Slot machines are disappearing at an alarming rate from the floors of commercial US casinos. That’s according to a recent report by Deutsche Bank analysts Carlo Santarelli and Danny Valoy.
Deutsche’s analysis of 12 US casino companies that operate a total of 120 properties shows a 21 percent decline in the number of slot machines since 2007. This amounts to an aggregate loss of 43,400 machines.
The decline isn’t because of an outlier or two: “All 12 operators in our analysis have culled their floors,” read the report. It concludes, “We believe this trend is likely to continue into the foreseeable future as operators shift financial resources to other amenities and continue to seek efficiency on floors.”
The 12 casino operators on which the report based its findings are:
- Ameristar Legacy Assets
- Caesars Entertainment
- Isle of Capri Legacy Assets
- Eldorado Resorts
- Pinnacle Entertainment
- Boyd Gaming & Peninsula Assets
- Las Vegas Sands
- Mohegan Tribal Gaming
- MGM International Resorts
- Penn National Gaming/GLPI
- Red Rock Resorts
- Wynn Resorts
What’s replacing slot machines?
Not too long ago, it was slot machines that were replacing other games (poker rooms in particular) or underperforming amenities on casino floors. Slots were seen as casinos’ best square-footage bang for their buck.
This is no longer the case, for two reasons:
- Gaming habits are changing, particularly among millennials
- Casinos are realizing better revenue streams from other, non-gaming sources
Gaming habits are changing
A new generation of casino-goers are shunning slot machines. That has the industry scrambling to design slots and/or games. But when you consider the number of first-time visitors to Las Vegas is growing and the average age of visitors is decreasing, it’s clear that attracting millennials isn’t the problem.
Despite higher visitation, millennials simply aren’t gambling. But then again, this age bracket was never going to produce much in the way of gaming revenue. Even if they do develop millennial-friendly slot machines, the number of slots on the casino floor is unlikely to increase. Casinos have found they can make as much or more money from non-gambling visitors.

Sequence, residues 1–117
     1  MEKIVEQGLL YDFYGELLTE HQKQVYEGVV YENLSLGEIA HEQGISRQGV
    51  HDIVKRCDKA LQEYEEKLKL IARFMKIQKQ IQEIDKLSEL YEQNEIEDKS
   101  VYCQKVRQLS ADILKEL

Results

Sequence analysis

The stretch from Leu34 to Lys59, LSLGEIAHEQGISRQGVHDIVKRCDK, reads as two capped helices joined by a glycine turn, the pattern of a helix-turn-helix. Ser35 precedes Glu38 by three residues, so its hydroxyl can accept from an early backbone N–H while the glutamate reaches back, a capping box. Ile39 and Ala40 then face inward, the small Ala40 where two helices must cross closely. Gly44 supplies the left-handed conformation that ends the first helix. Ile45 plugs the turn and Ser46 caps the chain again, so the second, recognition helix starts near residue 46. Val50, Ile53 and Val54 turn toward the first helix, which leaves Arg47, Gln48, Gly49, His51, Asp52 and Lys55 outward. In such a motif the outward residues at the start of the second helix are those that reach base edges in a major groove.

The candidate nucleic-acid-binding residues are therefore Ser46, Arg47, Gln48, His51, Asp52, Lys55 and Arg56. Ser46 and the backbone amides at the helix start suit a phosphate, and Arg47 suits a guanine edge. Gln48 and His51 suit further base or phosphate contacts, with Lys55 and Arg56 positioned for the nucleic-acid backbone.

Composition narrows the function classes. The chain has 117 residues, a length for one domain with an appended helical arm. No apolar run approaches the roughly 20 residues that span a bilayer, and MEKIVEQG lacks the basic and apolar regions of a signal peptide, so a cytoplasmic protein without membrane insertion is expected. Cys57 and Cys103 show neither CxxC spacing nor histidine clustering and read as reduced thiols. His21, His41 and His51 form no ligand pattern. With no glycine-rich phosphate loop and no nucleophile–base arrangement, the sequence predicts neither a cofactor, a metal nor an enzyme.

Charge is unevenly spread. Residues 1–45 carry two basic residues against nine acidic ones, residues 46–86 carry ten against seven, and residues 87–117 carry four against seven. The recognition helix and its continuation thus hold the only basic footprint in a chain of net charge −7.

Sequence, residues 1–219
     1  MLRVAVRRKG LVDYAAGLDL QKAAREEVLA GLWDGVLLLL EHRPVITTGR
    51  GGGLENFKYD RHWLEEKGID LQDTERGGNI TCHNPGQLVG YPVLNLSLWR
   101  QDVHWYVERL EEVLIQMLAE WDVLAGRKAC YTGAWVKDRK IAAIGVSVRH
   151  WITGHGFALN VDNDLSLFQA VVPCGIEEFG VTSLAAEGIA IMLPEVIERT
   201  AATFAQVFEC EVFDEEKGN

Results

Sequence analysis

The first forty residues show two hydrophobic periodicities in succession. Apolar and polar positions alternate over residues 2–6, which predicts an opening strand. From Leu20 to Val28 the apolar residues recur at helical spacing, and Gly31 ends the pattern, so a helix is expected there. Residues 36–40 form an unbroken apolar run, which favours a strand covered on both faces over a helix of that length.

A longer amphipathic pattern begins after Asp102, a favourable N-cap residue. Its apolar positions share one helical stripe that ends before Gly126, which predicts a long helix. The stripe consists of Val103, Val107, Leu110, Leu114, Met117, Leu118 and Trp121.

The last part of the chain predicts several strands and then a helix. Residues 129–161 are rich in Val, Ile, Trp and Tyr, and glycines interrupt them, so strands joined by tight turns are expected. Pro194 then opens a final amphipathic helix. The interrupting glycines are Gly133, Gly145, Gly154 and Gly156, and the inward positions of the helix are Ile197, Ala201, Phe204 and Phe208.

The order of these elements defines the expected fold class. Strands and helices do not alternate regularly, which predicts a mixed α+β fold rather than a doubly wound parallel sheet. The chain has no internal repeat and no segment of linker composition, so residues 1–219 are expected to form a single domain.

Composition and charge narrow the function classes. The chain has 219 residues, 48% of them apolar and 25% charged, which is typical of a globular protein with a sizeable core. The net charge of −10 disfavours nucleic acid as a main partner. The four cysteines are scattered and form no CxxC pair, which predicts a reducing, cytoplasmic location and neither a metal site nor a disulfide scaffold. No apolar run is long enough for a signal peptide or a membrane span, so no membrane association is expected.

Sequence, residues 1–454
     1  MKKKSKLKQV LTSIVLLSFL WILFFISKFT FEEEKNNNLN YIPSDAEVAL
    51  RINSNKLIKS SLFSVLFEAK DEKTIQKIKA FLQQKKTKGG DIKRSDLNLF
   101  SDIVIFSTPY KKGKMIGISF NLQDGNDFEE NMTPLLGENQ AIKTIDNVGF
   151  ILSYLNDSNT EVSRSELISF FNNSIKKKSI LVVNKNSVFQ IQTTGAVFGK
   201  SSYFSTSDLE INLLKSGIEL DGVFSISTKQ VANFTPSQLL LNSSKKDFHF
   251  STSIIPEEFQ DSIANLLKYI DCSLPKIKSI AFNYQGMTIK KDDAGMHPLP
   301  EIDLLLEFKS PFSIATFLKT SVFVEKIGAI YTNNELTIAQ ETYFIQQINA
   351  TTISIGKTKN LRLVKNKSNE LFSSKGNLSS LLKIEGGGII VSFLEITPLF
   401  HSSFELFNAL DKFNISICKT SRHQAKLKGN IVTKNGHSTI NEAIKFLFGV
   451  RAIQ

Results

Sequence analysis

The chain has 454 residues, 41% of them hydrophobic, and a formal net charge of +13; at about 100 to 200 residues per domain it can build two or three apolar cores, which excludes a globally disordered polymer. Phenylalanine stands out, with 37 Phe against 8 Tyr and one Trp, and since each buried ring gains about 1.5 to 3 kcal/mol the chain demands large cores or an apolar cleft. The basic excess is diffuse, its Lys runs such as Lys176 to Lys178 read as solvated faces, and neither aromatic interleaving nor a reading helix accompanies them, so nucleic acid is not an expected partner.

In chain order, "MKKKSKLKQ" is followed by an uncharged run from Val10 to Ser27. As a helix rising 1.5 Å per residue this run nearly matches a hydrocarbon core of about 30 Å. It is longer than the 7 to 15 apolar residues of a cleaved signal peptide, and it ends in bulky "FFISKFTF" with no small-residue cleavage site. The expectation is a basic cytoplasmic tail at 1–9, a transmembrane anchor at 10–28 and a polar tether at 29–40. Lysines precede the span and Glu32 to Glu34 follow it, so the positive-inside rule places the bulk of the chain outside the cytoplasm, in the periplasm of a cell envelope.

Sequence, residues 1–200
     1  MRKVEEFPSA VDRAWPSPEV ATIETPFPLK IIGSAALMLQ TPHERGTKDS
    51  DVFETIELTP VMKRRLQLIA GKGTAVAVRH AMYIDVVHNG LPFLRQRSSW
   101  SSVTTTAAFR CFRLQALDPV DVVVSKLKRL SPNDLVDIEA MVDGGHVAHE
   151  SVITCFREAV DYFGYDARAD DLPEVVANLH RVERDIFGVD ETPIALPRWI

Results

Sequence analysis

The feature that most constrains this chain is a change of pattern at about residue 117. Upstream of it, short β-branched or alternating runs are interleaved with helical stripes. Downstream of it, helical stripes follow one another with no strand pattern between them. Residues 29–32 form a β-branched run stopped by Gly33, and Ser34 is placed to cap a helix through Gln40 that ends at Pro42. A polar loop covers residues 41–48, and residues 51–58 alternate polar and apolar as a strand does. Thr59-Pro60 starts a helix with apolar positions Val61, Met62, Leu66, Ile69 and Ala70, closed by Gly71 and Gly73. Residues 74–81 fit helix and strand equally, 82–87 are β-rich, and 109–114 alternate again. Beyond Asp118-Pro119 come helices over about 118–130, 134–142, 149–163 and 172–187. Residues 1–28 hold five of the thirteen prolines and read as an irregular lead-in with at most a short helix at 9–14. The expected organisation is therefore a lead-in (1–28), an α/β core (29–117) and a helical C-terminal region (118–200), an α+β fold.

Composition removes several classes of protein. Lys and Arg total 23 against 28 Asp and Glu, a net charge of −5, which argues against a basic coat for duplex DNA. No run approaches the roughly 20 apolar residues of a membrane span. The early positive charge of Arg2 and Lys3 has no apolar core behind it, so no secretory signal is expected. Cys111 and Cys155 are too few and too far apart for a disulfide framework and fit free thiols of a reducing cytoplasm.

Non-gaming margins are higher
Beginning with Steve Wynn’s shift to destination resorts when he built the Mirage — and later Bellagio, Wynn, and Encore — the industry has been increasingly pivoting toward non-gaming revenue with higher margins — hotel rooms, food, nightclubs, and other forms of entertainment.
Casinos are no longer giving these things away as comps to lure in gaming dollars. Instead, they’re charging a premium for them because of the experience that accompanies a trip to a true resort casino. At some point, this change might reach a complete role reversal, with gaming being the comp to lure people to the hotels, shops, and entertainment venues offered at luxury casinos.
As I noted in a recent column, “Casinos have long undervalued their hotels and amenities. They used to give them away as door prizes to anyone who set foot on the casino floor.”
But as it turns out, it’s the amenities and the four-star hotel experience that makes people want to part with their hard-earned dollars. This is particularly true among the younger visitors, who prefer to gamble at their convenience (online or at regional casino properties) rather than travel to gamble.
In the same vein, UNLV’s David Schwartz recently wrote that hotel rooms will soon overtake gambling in terms of revenue: “If the current trend continues, by 2019, rooms will make about as much money as the casino floor, in 2020 they will surpass it, and by 2023, Las Vegas Strip resorts will make about $2 billion more from their rooms than their gambling.”
Beyond rooms, non-gaming revenue has been gaining steam for decades.
Per the Press of Atlantic City:
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“In 1989 nongaming revenue represented 21 percent of total casino revenue; as of 2015, it represents 29 percent. For casino industry leader Las Vegas, the shift is even more distinct from a 60/40 split gaming vs. nongaming in 1989 to a 35/65 split in 2015.”
Don’t put slots on the endangered species list just yet
This isn’t necessarily a warning to slot machine manufacturers … at least not yet.
In addition to slot manufacturers adapting to current trends — skill-based slot machines (including touch screen table gaming) and virtual reality technology — the report notes that Mohegan Tribal (the only tribal casino operator examined) saw the smallest decline of its 12 companies. As one gaming analyst noted on Twitter, there is more to it.
Along the same lines, the report notes the largest operators (casinos with 10,000 or more slots) have been the most aggressive when it comes to removing slot machines. This makes sense, as it’s the amenities and experiential nature of a billion-dollar (or multi-billion-dollar) casino that attracts people.
Basically, the bigger the casino and the casino market, the less it needs to rely on gaming revenue.